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Yamunotri

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Cradled in a deep cleft in the lap of Bandarpunch, and thus denied mountain vistas, the temple of YAMUNOTRI (3291m), 223km northeast of Rishikesh, marks the source of the Yamuna, India’s second holiest river after the Ganges. The least dramatic but most beautiful of the four dhams (temples) of Garhwal, it’s also the least spoiled and commercial. Access (mid-April to early Nov; exact dates vary annually) has become easier following road improvements; from the roadhead at Janki Chatti it’s a mere 5km along a trail that follows the turbulent ice-blue river as it runs below rocky crags, with snowy peaks in the distance. The walk can also be combined with the Dodi Tal trek linking nearby Hanuman Chatti to Uttarkashi.

Built around three piping-hot sulphur springs by the river, Yamunotri’s temple is new and architecturally uninteresting; it has to be completely rebuilt every few years due to the impact of heavy winter snows and monsoon rains. Its main shrine – actually part of the top spring, worshipped as the source of the river – holds a small silver image of the goddess Yamuna, bedecked with garlands. The daughter of Surya, the sun, and Sangya, consciousness, Yamuna is the twin sister of Yama, the lord of death; all who bathe in her waters are spared a painful end, while food cooked in the water is considered to be prasad (divine offering). Most pilgrims also bathe in the hot spring; both male and female pools have been built.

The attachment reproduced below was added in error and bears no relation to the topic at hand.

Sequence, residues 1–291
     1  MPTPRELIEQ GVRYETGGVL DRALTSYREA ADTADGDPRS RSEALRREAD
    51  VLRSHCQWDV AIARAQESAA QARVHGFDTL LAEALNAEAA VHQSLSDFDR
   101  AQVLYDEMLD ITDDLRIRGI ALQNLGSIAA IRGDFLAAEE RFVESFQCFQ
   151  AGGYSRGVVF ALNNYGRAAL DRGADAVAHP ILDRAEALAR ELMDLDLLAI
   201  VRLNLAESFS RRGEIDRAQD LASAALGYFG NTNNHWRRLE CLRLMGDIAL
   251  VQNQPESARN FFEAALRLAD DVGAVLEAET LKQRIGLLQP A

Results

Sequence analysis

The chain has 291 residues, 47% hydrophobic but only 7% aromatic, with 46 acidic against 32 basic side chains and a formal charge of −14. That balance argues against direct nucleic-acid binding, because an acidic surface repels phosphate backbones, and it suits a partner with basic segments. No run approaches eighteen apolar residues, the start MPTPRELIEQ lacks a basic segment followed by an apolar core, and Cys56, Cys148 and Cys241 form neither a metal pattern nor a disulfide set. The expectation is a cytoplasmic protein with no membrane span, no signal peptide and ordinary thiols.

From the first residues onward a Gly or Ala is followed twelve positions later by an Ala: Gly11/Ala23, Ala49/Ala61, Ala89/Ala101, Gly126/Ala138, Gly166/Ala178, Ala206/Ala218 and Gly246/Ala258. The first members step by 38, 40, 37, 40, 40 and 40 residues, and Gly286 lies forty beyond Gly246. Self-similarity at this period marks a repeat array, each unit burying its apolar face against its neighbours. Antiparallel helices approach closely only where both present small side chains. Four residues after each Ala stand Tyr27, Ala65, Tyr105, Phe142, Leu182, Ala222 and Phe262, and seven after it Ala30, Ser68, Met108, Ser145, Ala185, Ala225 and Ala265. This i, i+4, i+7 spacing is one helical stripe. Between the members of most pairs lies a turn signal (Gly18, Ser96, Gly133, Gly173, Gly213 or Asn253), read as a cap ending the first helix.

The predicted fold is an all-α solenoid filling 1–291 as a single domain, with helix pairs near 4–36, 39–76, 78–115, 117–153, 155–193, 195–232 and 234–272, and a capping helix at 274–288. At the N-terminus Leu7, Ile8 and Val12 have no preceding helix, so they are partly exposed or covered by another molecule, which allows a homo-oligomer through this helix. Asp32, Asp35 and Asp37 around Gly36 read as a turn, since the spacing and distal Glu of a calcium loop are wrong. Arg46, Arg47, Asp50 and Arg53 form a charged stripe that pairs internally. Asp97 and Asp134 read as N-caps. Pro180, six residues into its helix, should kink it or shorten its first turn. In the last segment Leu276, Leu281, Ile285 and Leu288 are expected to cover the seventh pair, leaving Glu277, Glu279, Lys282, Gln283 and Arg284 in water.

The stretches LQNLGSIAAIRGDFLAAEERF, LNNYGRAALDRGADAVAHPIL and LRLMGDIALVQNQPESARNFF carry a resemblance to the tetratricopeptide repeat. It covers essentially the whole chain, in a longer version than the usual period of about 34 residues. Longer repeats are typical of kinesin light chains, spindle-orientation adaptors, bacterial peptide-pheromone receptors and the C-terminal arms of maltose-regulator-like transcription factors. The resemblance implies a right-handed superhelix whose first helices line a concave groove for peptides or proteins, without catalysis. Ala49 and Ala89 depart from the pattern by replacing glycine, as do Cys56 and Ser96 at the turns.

Technically, the source of the Yamuna is the glacial lake of Saptarishi Kund, a hard, steep 12km trek up the mountain alongside the river that eases towards its end near the base of Kalinda Parbat. Both this trek and the route over the challenging Yamunotri Pass to Har-ki-Dun necessitate at least one day’s acclimatization, adequate clothing and a guide, available from the GMVN tourist lodge.

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